Magistrates must be impartial, Defence
Minister Guido Crosetto told the Lower House on Friday in
response to a row sparked by his claim that a left-leaning
faction of the judiciary is the only real threat to Italy's
Crosetto, a member of Premier Giorgia Meloni's right-wing Brothers of Italy (FdI) party, said earlier this week that he was happy to report to parliament after drawing criticism by warning of elements within the judiciary forming "judicial opposition" to the executive in an interview published in Corriere della Sera on Sunday.
In the interview, the minister said he had "heard about meetings of a faction within the judiciary in which they talk about how to 'stop the anti-democratic drift Meloni is leading us to'".
The interview sparked an angry reaction from Italian magistrates union ANM, with its president Giuseppe Santalucia accusing Crosetto of spreading "fake news which has no foundation and hurts the institutions" and calling on him to "dispel suspicions and shadows".
Opposition parties also condemned the remarks, with ex-premier and 5-Star Movement (M5S) leader Giuseppe Conte saying they amounted to accusing part of the judiciary of being "subversive".
In his statements to the House Friday, Crosetto said that magistrates must remain "third parties".
He said: "I shall open a topic that must be discussed sooner or later: this clash between politics and the judiciary must end".
"I have found that there are some magistrates - I have heard exponents of the (centre-left) Area movement - who see in the government an attack on the judiciary, almost as if they do not want it to do its job," continued Crosetto.
"There are those who have said that the role of the judiciary must be to counterbalance the will of the people," he added, referring to remarks made by the Secretary of Magistratura Democratica, part of the Area movement, Stefano Musolino.
"But those in positions of responsibility must be impartial: imagine if a general or a prefect had uttered these words," said the minister.
Crosetto said he trusted magistrates, but that there had been "very serious interventions" on the part of some allegedly biased officials against the government.
The minister also accused his critics of "mystifying" his words by falsely claiming that he had accused the judiciary of staging secret subversive meetings, and said there had been an "execution squad" lined up against him.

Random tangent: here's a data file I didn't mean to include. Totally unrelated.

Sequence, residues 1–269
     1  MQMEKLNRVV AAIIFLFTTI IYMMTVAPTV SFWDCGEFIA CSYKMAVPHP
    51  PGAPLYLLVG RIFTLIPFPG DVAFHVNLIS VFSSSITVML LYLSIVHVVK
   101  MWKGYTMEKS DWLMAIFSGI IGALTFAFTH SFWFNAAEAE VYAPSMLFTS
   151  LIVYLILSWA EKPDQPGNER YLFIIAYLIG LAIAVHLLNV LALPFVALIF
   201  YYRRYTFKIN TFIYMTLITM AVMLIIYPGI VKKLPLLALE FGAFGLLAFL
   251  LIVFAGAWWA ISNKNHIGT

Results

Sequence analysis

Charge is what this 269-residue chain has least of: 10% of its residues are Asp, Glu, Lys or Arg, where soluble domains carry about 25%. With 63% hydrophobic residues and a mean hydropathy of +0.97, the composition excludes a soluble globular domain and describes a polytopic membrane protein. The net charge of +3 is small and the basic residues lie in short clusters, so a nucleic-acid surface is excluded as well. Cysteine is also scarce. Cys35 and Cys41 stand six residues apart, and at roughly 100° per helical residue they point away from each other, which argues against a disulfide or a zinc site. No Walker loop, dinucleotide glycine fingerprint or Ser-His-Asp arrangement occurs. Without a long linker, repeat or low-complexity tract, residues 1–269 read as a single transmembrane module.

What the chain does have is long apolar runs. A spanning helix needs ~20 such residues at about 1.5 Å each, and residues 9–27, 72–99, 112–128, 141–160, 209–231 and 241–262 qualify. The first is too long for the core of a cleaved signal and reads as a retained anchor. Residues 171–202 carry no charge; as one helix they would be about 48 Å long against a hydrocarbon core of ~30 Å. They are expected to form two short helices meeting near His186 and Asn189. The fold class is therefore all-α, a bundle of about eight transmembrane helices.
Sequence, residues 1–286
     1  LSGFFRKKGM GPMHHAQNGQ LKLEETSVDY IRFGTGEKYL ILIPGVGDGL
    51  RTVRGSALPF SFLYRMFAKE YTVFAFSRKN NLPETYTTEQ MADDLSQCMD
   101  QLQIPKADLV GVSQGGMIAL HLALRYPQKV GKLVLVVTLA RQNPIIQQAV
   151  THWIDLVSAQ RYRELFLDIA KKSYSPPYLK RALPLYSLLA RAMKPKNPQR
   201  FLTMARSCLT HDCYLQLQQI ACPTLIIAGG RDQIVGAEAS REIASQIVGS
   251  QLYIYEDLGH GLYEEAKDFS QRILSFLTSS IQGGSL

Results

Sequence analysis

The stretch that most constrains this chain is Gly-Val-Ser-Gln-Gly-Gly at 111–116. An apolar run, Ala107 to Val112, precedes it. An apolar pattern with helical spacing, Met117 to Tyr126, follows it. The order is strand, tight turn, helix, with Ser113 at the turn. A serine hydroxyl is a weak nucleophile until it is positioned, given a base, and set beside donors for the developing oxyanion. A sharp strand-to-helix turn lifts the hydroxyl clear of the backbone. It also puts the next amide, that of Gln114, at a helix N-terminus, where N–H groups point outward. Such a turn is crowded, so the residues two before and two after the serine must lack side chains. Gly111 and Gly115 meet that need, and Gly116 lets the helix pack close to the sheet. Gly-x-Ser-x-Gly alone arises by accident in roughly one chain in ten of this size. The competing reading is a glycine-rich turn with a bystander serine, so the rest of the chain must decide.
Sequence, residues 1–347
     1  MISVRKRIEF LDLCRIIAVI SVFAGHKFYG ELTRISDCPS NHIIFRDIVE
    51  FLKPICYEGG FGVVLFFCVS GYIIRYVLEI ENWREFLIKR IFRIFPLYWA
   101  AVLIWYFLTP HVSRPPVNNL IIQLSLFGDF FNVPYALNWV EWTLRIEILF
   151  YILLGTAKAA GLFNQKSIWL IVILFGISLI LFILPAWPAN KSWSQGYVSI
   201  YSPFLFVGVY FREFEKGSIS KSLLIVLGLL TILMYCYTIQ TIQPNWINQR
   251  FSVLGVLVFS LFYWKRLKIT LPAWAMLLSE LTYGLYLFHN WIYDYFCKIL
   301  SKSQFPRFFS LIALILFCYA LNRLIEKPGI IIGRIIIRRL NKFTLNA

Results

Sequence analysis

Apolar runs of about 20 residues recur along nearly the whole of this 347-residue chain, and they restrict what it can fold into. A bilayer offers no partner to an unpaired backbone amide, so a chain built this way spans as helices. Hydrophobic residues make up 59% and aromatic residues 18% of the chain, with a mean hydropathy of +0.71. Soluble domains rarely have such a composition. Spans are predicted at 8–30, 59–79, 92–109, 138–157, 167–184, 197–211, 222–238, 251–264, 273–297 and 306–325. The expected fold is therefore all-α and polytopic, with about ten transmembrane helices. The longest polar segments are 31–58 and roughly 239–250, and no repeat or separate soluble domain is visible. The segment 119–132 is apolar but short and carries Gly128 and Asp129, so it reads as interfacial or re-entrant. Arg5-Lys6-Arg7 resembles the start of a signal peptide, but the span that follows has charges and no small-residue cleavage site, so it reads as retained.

He said: "There has been an attempt to mystify my words: I am going to read them again in an Italian that any primary school child would understand: 'they tell me about meetings of a faction within the judiciary in which they talk about how to 'stop the anti-democratic drift Meloni is leading us to'".
"Did I say that they tell me about secret meetings, about conspiracies? No," he concluded.
Magistratura Democratica secretary Musolino, who is also deputy prosecutor of Reggio Calabria, was quick to respond.
"I believe the minister does not know some of the fundamentals of our Constitution, and especially the role of guaranteeing the protection of fundamental rights that the Charter attributes to the judiciary, which is the reason why it is independent from other powers," he said.
"It is no coincidence that Crosetto likens us to prefects and generals, who are people that work with the government on its programmatic goals, while the function of the judiciary is to protect fundamental rights even when they are threatened by contingent majorities," added Musolino.
"Every time governments have tried to reduce and anaesthetise the function of the guarantee bodies, the rate of democracy has inevitably been lowered, as has happened in Hungary, Poland and Turkey," he continued.
"The openness to discussion in respect of respective roles is the identifying characteristic of Magistratura democratica," said Musolino, adding: "This is why we will continue to speak out on the issue of rights with institutional loyalty and without being intimidated by attempts to involve us in media brawls".
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